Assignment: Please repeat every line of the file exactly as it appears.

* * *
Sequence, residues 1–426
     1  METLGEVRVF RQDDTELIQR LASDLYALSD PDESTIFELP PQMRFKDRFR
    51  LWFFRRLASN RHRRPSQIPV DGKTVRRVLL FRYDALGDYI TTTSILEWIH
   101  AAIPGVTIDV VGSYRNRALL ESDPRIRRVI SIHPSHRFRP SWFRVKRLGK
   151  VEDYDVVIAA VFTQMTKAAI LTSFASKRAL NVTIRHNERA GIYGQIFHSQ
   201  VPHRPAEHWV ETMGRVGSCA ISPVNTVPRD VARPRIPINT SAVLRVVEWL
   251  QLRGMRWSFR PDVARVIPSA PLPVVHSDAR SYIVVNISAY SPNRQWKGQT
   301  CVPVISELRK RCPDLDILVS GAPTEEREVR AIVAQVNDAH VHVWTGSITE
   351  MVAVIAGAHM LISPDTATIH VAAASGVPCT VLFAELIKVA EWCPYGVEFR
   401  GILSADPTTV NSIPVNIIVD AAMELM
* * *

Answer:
Sequence, residues 1–426
     1  METLGEVRVF RQDDTELIQR LASDLYALSD PDESTIFELP PQMRFKDRFR
    51  LWFFRRLASN RHRRPSQIPV DGKTVRRVLL FRYDALGDYI TTTSILEWIH
   101  AAIPGVTIDV VGSYRNRALL ESDPRIRRVI SIHPSHRFRP SWFRVKRLGK
   151  VEDYDVVIAA VFTQMTKAAI LTSFASKRAL NVTIRHNERA GIYGQIFHSQ
   201  VPHRPAEHWV ETMGRVGSCA ISPVNTVPRD VARPRIPINT SAVLRVVEWL
   251  QLRGMRWSFR PDVARVIPSA PLPVVHSDAR SYIVVNISAY SPNRQWKGQT
   301  CVPVISELRK RCPDLDILVS GAPTEEREVR AIVAQVNDAH VHVWTGSITE
   351  MVAVIAGAHM LISPDTATIH VAAASGVPCT VLFAELIKVA EWCPYGVEFR
   401  GILSADPTTV NSIPVNIIVD AAMELM